How messy are this year's midterms going to be, exactly? The Washington Post's Chris Cillizza
winces preemptively upon reading a memo from National Republican
Senatorial Committee Chairman John Cornyn this morning. Cornyn, he
notices, is encouraging Republican candidates to campaign on health
despite an extremely positive last week of press for Obama
and congressional Democrats on health care, Republican leaders still
believe it is an issue that plays well for them on the campaign trail
and one they are urging candidates to emphasize.
At the same
time, that "extremely positive last week" has left Democrats convinced
that campaigning on health care, and winning the debate about it, should be their strategy too. "Can you say 'collision course'?" Cillizza asks. A few predictions on the coming conflict.
- 'Old Arguments, New Stakes' Says ABC's Rick Klein:
"Democrats weren't actually losing before the health care law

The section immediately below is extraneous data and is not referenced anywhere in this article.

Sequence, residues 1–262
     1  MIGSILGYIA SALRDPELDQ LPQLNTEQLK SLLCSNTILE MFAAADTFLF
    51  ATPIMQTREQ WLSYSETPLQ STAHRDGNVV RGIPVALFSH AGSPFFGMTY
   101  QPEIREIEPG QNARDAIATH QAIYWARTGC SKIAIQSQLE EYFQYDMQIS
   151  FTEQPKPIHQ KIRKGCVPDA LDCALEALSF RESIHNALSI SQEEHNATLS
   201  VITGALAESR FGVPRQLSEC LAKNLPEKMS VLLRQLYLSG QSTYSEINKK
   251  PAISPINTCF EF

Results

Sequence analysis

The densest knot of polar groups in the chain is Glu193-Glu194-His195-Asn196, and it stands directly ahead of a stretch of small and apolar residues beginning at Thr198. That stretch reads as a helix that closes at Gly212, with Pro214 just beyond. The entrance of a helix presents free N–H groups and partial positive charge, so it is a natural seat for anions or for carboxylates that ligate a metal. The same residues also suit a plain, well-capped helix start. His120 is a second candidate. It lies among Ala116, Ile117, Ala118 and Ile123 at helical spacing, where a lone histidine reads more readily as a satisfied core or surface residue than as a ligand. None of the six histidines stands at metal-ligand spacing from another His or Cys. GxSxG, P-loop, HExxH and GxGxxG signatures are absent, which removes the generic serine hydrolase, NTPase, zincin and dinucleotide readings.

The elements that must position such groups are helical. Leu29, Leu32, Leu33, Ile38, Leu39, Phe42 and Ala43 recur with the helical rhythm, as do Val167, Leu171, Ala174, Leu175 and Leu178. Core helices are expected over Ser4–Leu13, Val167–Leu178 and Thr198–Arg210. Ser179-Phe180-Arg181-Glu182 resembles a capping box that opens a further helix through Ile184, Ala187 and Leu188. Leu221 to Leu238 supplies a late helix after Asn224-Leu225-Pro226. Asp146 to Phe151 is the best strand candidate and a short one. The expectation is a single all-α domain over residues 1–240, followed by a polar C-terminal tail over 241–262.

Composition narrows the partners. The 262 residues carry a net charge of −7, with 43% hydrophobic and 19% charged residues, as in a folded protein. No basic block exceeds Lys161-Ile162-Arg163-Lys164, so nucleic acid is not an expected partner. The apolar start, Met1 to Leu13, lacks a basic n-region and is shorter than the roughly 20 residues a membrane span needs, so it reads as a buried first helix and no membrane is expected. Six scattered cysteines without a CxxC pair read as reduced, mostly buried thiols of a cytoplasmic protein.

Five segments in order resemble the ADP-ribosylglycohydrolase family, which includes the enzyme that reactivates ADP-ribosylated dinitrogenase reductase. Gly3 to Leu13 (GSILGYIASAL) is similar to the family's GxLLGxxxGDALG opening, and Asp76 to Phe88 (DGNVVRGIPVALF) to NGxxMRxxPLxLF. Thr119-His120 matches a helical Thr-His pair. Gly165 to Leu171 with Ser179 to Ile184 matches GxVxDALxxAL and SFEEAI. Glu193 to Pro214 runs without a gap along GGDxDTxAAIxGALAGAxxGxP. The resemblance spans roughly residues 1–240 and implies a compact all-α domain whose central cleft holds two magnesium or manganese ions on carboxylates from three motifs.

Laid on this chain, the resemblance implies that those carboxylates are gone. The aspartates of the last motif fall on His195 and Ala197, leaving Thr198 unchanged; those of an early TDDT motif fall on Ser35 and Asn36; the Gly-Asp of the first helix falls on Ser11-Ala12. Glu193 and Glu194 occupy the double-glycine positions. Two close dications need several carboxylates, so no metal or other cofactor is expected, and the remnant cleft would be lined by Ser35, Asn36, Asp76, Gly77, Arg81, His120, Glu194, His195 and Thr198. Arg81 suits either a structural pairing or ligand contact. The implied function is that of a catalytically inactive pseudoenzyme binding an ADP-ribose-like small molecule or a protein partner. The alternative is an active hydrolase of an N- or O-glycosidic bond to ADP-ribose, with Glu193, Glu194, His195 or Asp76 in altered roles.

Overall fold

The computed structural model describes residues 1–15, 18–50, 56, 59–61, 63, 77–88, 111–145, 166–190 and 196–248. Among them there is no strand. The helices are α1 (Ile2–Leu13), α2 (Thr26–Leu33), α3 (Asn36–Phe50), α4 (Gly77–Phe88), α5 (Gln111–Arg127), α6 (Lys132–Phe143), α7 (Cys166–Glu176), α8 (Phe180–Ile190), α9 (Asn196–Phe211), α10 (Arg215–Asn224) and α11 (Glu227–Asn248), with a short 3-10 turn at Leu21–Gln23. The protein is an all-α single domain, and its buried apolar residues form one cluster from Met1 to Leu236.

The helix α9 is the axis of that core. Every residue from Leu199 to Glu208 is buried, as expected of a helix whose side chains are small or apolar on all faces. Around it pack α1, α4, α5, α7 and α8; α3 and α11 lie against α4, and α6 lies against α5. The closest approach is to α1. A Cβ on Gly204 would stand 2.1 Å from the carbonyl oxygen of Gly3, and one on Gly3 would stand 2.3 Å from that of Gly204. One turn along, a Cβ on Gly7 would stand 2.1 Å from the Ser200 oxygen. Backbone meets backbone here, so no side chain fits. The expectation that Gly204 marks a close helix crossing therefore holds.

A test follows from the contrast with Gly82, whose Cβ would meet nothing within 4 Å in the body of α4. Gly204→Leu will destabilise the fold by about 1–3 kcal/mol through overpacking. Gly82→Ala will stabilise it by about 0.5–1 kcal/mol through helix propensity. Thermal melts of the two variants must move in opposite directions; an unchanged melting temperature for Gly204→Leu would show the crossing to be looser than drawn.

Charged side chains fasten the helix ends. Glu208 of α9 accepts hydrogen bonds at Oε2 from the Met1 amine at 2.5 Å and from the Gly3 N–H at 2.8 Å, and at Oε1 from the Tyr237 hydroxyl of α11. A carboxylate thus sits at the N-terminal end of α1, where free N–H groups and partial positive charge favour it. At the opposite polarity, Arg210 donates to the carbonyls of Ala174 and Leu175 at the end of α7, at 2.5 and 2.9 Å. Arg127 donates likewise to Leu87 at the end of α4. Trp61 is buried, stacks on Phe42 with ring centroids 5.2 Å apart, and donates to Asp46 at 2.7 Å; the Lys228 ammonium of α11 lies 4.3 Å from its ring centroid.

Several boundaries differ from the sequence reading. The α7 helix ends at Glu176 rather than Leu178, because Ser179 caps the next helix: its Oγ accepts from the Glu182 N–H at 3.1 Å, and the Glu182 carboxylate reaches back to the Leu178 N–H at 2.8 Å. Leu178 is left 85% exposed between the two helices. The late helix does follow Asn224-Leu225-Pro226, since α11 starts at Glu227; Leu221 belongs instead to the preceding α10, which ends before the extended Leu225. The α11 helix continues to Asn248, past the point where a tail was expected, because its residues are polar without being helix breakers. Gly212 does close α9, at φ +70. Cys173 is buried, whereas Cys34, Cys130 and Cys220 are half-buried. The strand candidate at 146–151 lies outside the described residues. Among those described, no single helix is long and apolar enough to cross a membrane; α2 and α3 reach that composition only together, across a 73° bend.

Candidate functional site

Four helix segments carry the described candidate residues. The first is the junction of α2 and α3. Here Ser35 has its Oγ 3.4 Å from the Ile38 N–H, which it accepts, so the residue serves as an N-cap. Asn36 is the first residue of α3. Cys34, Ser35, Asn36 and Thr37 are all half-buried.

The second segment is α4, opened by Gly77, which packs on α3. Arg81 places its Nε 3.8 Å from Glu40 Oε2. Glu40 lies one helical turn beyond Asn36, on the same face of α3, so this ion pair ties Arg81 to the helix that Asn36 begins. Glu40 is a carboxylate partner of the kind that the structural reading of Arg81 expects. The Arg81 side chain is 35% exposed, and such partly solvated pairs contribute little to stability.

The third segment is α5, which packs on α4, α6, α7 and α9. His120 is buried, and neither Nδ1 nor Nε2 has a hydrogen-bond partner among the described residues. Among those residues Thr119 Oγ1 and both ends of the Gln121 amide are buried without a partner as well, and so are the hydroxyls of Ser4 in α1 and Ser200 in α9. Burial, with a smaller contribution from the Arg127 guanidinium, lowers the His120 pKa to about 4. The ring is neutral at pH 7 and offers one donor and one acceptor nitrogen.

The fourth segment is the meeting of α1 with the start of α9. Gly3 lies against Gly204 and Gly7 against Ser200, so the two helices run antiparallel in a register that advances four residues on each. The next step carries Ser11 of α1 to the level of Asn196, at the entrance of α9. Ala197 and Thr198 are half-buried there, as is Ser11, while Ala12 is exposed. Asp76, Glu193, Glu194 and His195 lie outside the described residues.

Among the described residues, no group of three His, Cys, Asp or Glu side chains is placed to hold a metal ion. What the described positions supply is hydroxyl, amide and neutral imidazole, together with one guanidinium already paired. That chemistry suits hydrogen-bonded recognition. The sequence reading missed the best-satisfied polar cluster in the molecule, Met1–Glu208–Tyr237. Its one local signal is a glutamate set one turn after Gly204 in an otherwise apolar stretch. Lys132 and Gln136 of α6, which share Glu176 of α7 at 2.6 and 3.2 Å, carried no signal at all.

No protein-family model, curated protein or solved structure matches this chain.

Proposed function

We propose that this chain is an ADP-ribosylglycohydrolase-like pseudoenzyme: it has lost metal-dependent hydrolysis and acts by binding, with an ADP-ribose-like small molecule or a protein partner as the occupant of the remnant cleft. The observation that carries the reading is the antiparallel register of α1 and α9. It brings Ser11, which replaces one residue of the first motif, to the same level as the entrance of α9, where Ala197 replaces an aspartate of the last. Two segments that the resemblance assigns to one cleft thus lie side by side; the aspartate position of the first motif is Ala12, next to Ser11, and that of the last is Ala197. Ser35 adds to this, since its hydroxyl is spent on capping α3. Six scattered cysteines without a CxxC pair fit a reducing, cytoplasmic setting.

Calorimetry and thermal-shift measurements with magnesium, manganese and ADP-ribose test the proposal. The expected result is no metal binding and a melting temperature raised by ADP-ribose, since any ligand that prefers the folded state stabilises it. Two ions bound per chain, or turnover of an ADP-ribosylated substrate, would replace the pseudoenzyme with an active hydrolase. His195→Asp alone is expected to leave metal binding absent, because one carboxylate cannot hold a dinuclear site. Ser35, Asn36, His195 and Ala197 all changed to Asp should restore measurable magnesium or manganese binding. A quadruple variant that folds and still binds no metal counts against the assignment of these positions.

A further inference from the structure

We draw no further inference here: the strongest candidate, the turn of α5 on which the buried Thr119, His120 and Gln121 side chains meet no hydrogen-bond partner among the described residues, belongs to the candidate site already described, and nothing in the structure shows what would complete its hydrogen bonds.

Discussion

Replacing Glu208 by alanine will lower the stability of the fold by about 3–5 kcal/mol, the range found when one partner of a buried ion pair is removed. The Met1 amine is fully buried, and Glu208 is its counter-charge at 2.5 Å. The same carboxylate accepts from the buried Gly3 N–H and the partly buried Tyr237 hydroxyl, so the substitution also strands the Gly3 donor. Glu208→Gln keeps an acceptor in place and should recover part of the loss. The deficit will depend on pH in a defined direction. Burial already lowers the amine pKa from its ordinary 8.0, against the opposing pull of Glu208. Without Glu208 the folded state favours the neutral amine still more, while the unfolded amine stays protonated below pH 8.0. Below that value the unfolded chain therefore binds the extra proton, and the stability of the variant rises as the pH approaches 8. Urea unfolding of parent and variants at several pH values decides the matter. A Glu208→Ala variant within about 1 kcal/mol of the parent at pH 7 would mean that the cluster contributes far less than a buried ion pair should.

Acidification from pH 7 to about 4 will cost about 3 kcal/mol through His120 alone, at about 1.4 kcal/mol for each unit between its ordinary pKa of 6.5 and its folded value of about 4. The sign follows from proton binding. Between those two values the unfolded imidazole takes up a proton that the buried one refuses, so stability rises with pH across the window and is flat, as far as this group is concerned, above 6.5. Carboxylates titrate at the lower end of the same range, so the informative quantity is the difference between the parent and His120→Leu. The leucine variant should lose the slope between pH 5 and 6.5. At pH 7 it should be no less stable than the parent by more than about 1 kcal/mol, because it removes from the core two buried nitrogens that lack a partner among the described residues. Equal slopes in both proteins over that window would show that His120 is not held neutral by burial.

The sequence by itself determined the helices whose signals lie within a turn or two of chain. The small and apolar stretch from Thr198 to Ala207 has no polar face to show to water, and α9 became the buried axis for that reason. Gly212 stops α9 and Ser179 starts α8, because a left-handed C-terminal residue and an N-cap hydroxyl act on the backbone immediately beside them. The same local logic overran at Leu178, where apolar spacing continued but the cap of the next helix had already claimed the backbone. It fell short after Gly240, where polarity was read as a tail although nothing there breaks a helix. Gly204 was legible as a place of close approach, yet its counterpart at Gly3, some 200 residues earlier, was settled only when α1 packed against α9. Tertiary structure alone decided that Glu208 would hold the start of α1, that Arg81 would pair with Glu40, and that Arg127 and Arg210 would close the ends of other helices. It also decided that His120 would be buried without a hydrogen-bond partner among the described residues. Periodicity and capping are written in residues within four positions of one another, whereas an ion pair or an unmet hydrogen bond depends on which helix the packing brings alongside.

passed--it only felt that way." Granted, "there is, of course,
something to actually sell now."
- Where Does the 'Repeal' Part Come In? Hotline's Reid Wilson
also looks through the Cornyn GOP memo, and notices it doesn't mention
the much-trumpeted effort to repeal the health care legislation.
Health Care Results May Make This Unspinnable "Real experience with
ObamaCare, as with the stimulus plan, may cement voters’ take on the
legislation," says conservative Jennifer Rubin
at Commentary. "The risk with overselling and misrepresenting to the
voters either a candidate or a piece of legislation is that sooner or
later they catch on." Of course--though Rubin doesn't mention
this--partisans on both sides of the issue might make this argument.
- Going by Numbers: Not Clear Who Will Win This War "I'm not sure," writes poll-watcher Nate Silver on Sunday, "that there's yet been enough time to assess whether the Democrats'
passage of health care reform seven days ago could mitigate--or
The only clear good news for the Democrats, he argues, is that they've
closed the "enthusiasm gap" so that now their base is roughly as
energized as the Republican base.
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